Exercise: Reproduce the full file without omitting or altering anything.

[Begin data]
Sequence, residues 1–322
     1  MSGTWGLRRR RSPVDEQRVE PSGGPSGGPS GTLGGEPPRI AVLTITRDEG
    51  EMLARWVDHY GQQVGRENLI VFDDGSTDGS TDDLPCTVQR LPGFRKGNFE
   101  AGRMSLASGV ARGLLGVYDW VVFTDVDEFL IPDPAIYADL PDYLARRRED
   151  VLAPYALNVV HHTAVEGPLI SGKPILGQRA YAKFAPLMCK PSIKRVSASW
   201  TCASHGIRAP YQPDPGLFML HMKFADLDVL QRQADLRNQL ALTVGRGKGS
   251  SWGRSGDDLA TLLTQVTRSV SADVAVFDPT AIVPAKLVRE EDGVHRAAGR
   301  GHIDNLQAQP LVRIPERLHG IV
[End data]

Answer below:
Sequence, residues 1–322
     1  MSGTWGLRRR RSPVDEQRVE PSGGPSGGPS GTLGGEPPRI AVLTITRDEG
    51  EMLARWVDHY GQQVGRENLI VFDDGSTDGS TDDLPCTVQR LPGFRKGNFE
   101  AGRMSLASGV ARGLLGVYDW VVFTDVDEFL IPDPAIYADL PDYLARRRED
   151  VLAPYALNVV HHTAVEGPLI SGKPILGQRA YAKFAPLMCK PSIKRVSASW
   201  TCASHGIRAP YQPDPGLFML HMKFADLDVL QRQADLRNQL ALTVGRGKGS
   251  SWGRSGDDLA TLLTQVTRSV SADVAVFDPT AIVPAKLVRE EDGVHRAAGR
   301  GHIDNLQAQP LVRIPERLHG IV